Dinwiddie took on a huge role after injuries to Jeremy Lin and D’Angelo Russell and lived up to the responsibility. He increased his scoring from 7.3 to 12.6 points per game and upped his assists from 3.1 to 6.6 per game, 11th in the NBA, while also ranking second in assist to turnover ratio. Dinwiddie also showed a knack for crunch-time heroics, with three game-winners in January.

LeVert, a first-round pick in 2016, went from 8.2 to 12.1 points per game. After a slow start from 3-point range, he shot 37.9 percent over the season’s final five months. He also increased his assists from 1.9 to 4.2 per game.

“Obviously we’re really big with player development here,” said LeVert. “And you can see that with the guys on the team. You know how everybody’s developed. And they do it in a really positive way, a really fun way. And obviously Kenny’s a really good coach. So going forward we can’t wait to continue to get better and continue to get better with that theme and see where it takes us.”

As the Nets look ahead to the 2018-19 season, there is another contingent of young talent that fits the profile of Harris, LeVert, Dinwiddie and Hollis-Jefferson this past season. Russell, Allen Crabbe, and Jarrett Allen will all have the benefit of a full offseason in Brooklyn for the first time as they prepare for next season.

It’s an opportunity for Russell to experience some stability after playing for five different head coaches over the last five seasons, dating back to his senior year of high school.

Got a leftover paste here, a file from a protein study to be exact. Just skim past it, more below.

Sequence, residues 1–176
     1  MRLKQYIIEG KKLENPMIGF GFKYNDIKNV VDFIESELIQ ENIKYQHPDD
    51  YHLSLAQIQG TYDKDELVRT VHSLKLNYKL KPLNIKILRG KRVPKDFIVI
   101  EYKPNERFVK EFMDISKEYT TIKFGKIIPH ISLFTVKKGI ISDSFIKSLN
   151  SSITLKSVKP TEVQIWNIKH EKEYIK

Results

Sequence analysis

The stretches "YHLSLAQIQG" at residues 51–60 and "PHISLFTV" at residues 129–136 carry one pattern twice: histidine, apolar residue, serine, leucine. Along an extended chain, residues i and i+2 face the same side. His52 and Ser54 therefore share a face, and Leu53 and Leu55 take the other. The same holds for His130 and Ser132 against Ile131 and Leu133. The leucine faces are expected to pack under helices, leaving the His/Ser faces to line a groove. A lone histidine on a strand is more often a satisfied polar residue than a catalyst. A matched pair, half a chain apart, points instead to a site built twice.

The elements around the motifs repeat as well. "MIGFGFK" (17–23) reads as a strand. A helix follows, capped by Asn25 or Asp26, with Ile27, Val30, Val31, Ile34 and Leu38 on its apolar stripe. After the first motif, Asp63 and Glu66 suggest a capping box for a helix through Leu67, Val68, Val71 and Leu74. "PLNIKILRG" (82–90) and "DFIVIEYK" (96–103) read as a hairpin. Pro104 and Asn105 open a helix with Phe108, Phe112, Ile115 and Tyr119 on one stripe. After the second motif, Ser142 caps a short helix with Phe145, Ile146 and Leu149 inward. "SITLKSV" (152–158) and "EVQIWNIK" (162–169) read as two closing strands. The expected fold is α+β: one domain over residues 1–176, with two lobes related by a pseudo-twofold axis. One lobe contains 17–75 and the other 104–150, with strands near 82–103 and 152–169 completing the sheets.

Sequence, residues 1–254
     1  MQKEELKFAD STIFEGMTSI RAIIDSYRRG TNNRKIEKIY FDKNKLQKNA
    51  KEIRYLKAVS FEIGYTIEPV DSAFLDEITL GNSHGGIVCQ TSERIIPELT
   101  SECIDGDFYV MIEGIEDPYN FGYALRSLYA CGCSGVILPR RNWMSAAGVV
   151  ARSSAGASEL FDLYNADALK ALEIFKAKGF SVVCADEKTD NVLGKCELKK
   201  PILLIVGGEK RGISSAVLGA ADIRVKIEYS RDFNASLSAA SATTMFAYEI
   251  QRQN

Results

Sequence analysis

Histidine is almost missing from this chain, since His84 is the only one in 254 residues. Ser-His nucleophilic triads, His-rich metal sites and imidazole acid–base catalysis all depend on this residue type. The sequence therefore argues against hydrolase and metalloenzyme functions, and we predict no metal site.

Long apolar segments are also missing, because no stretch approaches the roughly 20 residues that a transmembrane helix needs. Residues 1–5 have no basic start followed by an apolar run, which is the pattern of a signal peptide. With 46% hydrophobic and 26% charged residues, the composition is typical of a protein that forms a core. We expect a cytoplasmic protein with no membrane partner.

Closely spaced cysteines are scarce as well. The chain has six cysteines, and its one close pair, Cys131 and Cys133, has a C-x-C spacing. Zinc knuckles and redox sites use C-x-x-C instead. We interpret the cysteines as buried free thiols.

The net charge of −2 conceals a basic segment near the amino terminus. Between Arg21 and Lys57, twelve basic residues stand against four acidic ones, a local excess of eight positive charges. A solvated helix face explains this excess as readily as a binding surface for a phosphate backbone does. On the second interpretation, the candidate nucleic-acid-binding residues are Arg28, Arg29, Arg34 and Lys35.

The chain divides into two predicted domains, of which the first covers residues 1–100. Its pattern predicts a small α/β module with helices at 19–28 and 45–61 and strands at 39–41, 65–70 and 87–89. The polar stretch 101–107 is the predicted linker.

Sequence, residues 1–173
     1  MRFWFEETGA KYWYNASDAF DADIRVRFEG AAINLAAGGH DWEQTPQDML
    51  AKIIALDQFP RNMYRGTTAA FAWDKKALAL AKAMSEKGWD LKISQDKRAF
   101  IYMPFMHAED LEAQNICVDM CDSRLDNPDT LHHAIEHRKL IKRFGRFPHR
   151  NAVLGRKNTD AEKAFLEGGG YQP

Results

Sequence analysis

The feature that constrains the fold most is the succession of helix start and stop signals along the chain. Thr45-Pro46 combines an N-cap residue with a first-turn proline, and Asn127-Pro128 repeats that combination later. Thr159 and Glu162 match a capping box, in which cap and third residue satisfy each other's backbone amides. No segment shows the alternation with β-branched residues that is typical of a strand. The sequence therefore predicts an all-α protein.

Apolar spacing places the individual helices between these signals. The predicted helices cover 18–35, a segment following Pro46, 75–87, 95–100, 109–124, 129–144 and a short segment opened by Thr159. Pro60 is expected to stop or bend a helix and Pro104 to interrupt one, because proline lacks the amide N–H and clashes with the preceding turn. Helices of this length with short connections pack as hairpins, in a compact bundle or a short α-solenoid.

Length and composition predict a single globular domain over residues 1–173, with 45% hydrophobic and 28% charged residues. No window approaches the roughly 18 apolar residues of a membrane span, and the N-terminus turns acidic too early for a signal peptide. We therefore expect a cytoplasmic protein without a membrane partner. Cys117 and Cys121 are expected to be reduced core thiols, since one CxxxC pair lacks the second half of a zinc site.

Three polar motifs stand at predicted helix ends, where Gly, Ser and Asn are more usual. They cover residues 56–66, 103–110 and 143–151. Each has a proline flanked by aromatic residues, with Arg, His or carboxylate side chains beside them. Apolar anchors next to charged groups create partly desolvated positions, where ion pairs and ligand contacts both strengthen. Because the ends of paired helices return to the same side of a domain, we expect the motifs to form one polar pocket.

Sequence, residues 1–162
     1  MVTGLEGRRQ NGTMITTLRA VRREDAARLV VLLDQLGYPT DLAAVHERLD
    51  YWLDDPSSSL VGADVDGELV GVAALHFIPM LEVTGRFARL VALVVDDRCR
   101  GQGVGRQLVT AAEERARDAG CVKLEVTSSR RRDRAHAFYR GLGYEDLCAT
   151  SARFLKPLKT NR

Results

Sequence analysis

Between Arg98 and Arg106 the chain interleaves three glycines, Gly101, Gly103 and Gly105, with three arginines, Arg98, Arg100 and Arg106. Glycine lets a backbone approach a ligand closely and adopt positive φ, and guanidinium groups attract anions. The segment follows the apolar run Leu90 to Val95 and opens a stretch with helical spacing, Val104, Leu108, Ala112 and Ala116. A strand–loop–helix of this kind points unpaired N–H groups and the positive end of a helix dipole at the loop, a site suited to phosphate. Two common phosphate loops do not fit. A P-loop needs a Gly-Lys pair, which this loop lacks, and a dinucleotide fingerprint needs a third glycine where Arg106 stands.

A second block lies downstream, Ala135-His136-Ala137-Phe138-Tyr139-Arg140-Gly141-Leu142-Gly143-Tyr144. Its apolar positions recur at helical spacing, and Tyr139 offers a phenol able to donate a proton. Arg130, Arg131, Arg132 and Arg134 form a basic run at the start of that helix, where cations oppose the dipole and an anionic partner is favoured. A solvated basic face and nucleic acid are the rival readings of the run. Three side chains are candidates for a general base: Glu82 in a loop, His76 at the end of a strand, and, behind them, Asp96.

“That’s pretty cool honestly,” said Russell. “Not the fact of having that many coaches, but as far as knowing there’s some type of security and there’s going to be repetitive guidance from a coach that you know you’re going to be around, I think it’s great.”

Russell, like Crabbe and Allen, showed abundant promise during his first season in Brooklyn. He averaged 20.9 points over his first 12 games before a knee injury sidelined him for two months. His per-36 rates of 21.7 points and 7.3 assists for the season were the highest of his career.

Crabbe shot 37.8 percent from 3-point range and had Brooklyn’s highest-scoring game of the year with 41 points against Chicago on April 9. He hit five or more 3-pointers in each of Brooklyn’s last four games and did so 13 times during the year.

Allen, the rookie center, took a huge leap around New Year’s, moved into the starting lineup at the end of January, and started 31 of Brooklyn’s last 32 games – inactive for the other. From Jan. 1 to the end of the season, Allen averaged 9.7 points on 63.7 percent shooting with 6.0 rebounds and 1.4 blocks in 21.8 minutes per game.

Atkinson is looking forward to working with that trio during the summer and that the gains made by Harris, Hollis-Jefferson, LeVert and Dinwiddie will offer motivation.

“We can look at the guys that made the commitment last offseason, and hopefully they saw the improvement in certain players,” said Atkinson. “Whether it’s D’Angelo or Jarrett or Allen, they’re going to say ‘Man, I’m going to buy into this.’ The proof will be in the pudding when we start next year’s preseason and we talk about the commitment and buy-in, but I expect full commitment. That’s the feedback we got in exit interviews, that’s the type of guy we collectively brought in here that buy into the whole program. So I expect full participation, enthusiasm for what we’re trying to do here in the offseason from all those guys.”